Japan Public TV Drops Sumo After Scandal The broadcaster, NHK, says a betting scandal has generated such viewer disgust that the sport is facing its worst crisis in a century, and live programs of an upcoming sumo tournament will not be aired. Doreen Simmons, who has been commentating on sumo for the past 17 years, talks with Renee Montagne about the scandal.
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Japan Public TV Drops Sumo After Scandal

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Japan Public TV Drops Sumo After Scandal

Japan Public TV Drops Sumo After Scandal

Japan Public TV Drops Sumo After Scandal

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The broadcaster, NHK, says a betting scandal has generated such viewer disgust that the sport is facing its worst crisis in a century, and live programs of an upcoming sumo tournament will not be aired. Doreen Simmons, who has been commentating on sumo for the past 17 years, talks with Renee Montagne about the scandal.

RENEE MONTAGNE, Host:

Thanks for joining us.

MONTAGNE: Nice to be talking to you, Renee.

MONTAGNE: OK. So what we have here is wrestlers, gangsters making bets. Give us the details, please.

MONTAGNE: Well, I mean, the real big problem is the involvement of the yakuza, the Japanese organized crime syndicate. The first indication that they were involved big time was when a pulp magazine published a piece about yakuza getting their hands on some of the best tickets in the house this time last year in Nagoya, third row from the ring.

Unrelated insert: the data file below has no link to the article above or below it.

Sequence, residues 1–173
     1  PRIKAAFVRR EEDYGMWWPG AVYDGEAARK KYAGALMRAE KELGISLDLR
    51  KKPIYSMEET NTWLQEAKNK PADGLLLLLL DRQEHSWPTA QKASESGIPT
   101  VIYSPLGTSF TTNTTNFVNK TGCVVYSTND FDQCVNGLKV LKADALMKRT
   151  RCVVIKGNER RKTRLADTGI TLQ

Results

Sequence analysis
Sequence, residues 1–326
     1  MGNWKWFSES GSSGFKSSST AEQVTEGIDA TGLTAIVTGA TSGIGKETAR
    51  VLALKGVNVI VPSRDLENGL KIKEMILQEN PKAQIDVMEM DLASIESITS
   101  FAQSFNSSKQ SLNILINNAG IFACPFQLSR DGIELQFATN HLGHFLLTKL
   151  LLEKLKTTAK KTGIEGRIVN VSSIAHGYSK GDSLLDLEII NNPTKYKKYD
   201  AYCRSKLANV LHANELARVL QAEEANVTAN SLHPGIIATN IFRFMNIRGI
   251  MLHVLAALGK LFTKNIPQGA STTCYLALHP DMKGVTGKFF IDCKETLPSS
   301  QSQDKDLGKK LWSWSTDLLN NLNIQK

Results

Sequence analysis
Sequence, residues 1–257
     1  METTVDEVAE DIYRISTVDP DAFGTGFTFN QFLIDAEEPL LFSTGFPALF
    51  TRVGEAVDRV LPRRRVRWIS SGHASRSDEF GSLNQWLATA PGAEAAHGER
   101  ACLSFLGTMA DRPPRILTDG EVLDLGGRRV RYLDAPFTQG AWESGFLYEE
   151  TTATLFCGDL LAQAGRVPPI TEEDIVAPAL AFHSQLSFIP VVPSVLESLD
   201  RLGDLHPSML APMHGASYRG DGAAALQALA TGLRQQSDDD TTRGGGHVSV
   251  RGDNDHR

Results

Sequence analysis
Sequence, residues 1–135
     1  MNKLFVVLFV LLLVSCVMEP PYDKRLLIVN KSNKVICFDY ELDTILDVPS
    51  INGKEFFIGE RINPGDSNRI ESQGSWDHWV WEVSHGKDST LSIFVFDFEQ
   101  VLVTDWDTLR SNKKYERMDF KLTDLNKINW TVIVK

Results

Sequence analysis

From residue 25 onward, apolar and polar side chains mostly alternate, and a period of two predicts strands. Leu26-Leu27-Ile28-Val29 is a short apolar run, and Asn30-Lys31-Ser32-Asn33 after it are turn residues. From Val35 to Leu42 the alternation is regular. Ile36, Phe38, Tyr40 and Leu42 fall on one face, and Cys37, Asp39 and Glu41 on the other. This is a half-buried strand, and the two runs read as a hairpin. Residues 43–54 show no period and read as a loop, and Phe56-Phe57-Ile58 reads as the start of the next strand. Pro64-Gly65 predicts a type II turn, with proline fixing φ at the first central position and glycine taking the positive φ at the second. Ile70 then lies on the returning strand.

MONTAGNE: one a stable master, and the other a rank-and-file coach.

MONTAGNE: Right. And so then that's led up to this current scandal, which is exactly what? What was the betting?

MONTAGNE: And when they were either winning or losing big time, then the middlemen started saying, well, you know, you've been betting against the yakuza, and they don't take very kindly to this sort of thing. You'd better pay us hush money to keep it quiet. That's where the trouble began.

MONTAGNE: What was the public reaction to all of this?

MONTAGNE: Well, the public reaction was pretty strong. The tournament is going on, but nearly all the big sponsors have just pulled out. So there's less prize money to go for. And of course, the refusal to televise the live broadcast and just put a digest on as soon as it's over, that is hurting the people who would normally watch anyway.

MONTAGNE: So all in all, has this dealt a fatal blow to the sport?

MONTAGNE: But sumo has been through bad periods before, and it's always come through. But this time, we have to hope that it will come through in a somewhat different form. And it's a great pity, because there's still an awful lot of good in sumo. Lots of people admire them and look up to them, with their old-fashioned hairstyle and their traditional clothes. They do have a special position in Japanese society and increasingly, among foreign fans as well.

MONTAGNE: Thank you very much for joining us.

MONTAGNE: My pleasure.

MONTAGNE: Doreen Simmons, speaking to us from Tokyo. She's a longtime commentator on sumo wrestling for Japanese Public Broadcasting.

(SOUNDBITE OF MUSIC)

MONTAGNE: This is NPR News.

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